The best part of art of rally is just how minimalist everything is.
Deliberately stylised in lower case, art of rally comes from the studio behind Absolute Drift. Absolute Drift was all about mastering the art of drifting through urban courses, and art of rally is a natural extension for Dune Casu and Funselektor Labs.
It’s not a serious racer in the same vein as DiRT Rally 2.0, but rather a top-down arcade rally racer that’s more reminiscent of games from the ’90s. Best of all, it’s backed by a banging synthwave soundtrack from Tatreal — who came up with a really clever way for recreating the sound of gravel with peas. There’s 51 tracks in all, which is more than some AAA games get.
It’s absolutely perfect, and even though you’re supposedly racing on cars from the ’70s onwards, the low-poly style just gives art of rally this incredible Initial D vibe. Listen for yourself.
I could — and frequently do — listen to this stuff all day for work. Synthwave has been my jam since a mate put me onto it a year ago, and the way it’s used in art of rally is absolutely perfect.
That vibe’s important, because it helps paper over some of the game’s simplicity. There’s no advanced tuning, repairs, adjustments. There’s no cockpit view or much in the way of controls. You’ve got access to the clutch, handbrake and gearbox if you want to drive stick, but otherwise, it’s very much a retro experience.
You’ll be either driving from one of 8 cameras, all of which vary between top-down views or high shots behind the car as you drifting through towns, mountains and some very vibrant landscapes. The game takes you through career-style stages, with each year adding longer stages — so three or four races instead of two — and more difficult environments, like night-time rallies and challenging weather.
Each stage is set after a particular year, so as you move forward, you’ll unlock cars relevant to that time period (along with some nice quips about the background for each vehicle). You’ve got about 60 stages to work through across five countries (Finland, Sardinia, Norway, Japan and Germany), although a good chunk of those are reverse courses.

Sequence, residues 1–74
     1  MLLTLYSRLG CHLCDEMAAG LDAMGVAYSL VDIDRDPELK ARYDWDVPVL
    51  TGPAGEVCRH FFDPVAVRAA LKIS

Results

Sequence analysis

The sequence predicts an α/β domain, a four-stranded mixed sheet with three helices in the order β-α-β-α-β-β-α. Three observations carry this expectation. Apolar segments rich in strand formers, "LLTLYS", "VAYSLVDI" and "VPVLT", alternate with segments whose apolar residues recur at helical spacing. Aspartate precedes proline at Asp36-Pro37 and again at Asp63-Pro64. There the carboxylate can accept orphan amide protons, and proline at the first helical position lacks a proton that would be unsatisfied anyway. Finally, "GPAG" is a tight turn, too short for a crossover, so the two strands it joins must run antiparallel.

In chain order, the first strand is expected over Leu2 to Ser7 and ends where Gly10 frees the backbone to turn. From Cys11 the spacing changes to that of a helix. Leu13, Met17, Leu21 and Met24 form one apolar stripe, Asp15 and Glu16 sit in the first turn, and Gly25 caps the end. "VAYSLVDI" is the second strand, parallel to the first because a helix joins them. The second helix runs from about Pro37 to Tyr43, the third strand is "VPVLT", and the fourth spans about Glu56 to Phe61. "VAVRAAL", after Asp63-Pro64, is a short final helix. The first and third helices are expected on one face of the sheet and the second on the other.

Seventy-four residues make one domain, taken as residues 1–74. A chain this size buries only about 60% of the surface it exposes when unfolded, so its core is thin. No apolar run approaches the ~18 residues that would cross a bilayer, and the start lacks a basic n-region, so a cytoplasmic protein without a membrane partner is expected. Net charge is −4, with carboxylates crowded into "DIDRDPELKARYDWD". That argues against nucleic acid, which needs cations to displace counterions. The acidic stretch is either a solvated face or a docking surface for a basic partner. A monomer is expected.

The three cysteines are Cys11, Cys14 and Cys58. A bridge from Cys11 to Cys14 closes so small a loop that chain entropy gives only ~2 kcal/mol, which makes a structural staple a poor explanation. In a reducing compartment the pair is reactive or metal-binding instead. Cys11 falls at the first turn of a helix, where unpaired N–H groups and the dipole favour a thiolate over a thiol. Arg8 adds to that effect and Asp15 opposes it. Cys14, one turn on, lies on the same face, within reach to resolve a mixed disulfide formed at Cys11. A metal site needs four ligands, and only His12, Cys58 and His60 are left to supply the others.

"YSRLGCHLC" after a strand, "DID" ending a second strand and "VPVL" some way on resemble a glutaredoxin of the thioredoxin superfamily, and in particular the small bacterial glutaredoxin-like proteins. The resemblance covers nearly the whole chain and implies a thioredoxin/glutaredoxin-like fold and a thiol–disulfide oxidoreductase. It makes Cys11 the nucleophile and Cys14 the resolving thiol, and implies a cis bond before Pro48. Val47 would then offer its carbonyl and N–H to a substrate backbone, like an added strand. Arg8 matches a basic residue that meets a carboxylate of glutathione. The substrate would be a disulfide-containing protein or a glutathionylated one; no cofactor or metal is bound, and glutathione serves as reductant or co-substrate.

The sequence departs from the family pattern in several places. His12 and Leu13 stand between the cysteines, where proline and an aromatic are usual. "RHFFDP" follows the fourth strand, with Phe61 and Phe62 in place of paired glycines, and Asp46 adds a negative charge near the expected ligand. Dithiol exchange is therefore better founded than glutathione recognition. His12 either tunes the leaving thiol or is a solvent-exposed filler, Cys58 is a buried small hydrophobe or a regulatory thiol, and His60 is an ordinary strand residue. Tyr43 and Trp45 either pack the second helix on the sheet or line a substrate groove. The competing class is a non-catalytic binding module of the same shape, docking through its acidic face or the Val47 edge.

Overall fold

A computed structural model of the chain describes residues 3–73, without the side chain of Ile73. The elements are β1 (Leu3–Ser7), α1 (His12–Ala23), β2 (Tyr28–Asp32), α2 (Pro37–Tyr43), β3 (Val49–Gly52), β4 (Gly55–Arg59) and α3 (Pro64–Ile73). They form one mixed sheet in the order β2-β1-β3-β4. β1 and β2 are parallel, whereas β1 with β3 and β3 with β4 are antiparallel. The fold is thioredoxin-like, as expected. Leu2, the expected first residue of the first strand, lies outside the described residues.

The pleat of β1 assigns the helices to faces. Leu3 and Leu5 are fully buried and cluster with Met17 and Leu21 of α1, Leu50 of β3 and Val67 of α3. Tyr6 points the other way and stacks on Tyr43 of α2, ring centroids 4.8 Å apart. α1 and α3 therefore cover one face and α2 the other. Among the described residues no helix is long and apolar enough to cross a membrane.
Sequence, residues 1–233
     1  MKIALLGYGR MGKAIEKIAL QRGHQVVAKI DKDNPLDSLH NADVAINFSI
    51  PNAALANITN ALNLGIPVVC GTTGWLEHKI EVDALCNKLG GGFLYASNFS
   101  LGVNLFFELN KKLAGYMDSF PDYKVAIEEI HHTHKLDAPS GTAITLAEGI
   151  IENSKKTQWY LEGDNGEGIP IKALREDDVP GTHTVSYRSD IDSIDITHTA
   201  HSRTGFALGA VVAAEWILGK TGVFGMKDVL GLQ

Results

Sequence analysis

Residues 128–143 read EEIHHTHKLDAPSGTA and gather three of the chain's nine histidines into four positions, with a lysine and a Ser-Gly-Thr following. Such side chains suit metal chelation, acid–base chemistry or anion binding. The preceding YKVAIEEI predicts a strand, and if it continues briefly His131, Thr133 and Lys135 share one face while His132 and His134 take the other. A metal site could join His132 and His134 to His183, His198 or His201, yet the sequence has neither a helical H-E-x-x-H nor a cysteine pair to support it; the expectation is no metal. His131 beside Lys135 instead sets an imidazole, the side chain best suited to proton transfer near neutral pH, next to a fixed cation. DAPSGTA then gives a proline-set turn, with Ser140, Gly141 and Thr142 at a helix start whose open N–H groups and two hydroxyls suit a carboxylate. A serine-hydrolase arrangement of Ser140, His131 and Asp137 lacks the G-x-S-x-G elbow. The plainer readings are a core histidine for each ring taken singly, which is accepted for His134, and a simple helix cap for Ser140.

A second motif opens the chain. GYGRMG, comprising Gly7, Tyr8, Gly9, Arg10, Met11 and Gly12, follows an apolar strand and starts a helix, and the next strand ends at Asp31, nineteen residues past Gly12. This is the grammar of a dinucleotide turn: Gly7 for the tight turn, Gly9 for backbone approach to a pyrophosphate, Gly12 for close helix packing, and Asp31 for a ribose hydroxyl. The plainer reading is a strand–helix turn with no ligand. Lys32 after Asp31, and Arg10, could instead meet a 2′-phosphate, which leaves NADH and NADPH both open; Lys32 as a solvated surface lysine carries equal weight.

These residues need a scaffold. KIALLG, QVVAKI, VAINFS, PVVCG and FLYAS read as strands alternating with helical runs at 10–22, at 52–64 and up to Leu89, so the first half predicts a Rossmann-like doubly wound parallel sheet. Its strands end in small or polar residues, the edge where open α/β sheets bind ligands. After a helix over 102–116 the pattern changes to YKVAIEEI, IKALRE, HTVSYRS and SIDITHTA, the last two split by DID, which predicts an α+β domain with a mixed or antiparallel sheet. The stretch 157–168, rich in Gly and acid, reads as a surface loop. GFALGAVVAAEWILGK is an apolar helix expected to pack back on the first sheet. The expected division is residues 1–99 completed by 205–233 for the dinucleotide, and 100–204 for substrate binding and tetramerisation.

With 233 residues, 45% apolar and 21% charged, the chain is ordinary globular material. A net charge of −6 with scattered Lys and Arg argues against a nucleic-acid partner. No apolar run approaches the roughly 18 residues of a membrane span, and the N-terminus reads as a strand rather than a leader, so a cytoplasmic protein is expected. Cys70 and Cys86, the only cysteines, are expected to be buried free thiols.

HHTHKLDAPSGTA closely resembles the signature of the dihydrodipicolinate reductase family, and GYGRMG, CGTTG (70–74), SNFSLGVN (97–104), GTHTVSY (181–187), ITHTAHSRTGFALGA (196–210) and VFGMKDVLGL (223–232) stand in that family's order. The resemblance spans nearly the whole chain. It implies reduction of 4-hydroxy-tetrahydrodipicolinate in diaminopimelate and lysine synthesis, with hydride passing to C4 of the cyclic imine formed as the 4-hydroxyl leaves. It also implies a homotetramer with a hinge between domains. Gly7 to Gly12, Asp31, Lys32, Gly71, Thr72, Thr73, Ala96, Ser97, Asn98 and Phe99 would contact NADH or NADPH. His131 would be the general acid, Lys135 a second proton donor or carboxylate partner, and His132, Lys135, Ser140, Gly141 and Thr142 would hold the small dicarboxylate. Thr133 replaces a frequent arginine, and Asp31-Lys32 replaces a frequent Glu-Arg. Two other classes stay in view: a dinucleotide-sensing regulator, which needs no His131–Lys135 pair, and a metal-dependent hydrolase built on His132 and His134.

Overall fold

Blissfully, the game’s quite generous with the graphics settings on PC. You can turn it all the way down to 320×240, which is handy if, like me, you’re stuck on a bit of a potato. I spent most of my time playing art of rally in my week off, when I wasn’t really equipped or geared up for doing reviews. Nonetheless, with some tanking of all the graphics settings, the game ran serviceably on a 8th-gen Intel laptop with Intel HD 620 integrated graphics.
It didn’t run well — you’d want to apply a 30 frame rate cap to avoid heavy spikes when forests start to get drawn in — but it was certainly playable. On the other side, however, the game looks absolutely gorgeous at 4K, especially when the soft sun sunset falls on the square spectators fleeing off the track. The photo mode, added to art of rally since launch, leads to some incredible images too.
Even when it’s running at pure potato quality, art of rally looks fantastic. That’s the strength of its crystal clear art direction, and there’s enough of a skill ceiling with the driving mechanics to really challenge you if you want to push for the fastest times.
Along with the campaign mode, there’s daily and weekly online events. You can free roam around five “levels” which have their own collectibles to find, and there’s custom rallies and time attack modes, the latter of which will let you customise weather conditions. If you’re brave, you can also race around the whole thing in a logging truck, or a triwheeler if you fancy.
Art of rally‘s trickiest challenge is really just getting to grips with the controls in the beginning. The game launches you into the freeroam mode, but doesn’t provide much in the way of an instructive tutorial on how to actually drift. It helps if you mess with the default controls a bit. There’s percentages for how much counter-steer, anti-lock brakes and stability assist you want (but in the gameplay settings, not controls), while the controls menu has sensitivity and deadzones for the brakes, throttle and steering. You can also adjust the FOV and camera rotation, as well as disabling the camera shake entirely if you want.
As long as you know what you’re getting, and you’re prepared to wrestle with the controls a little to get comfortable, art of rally has tons of charm. It’s one of those indies that knows exactly what it wants to be, and hits the brief perfectly. Plus, the synthwave makes for some excellent chilled vibes.
This story has been updated, ahead of art of rally’s console release on August 12.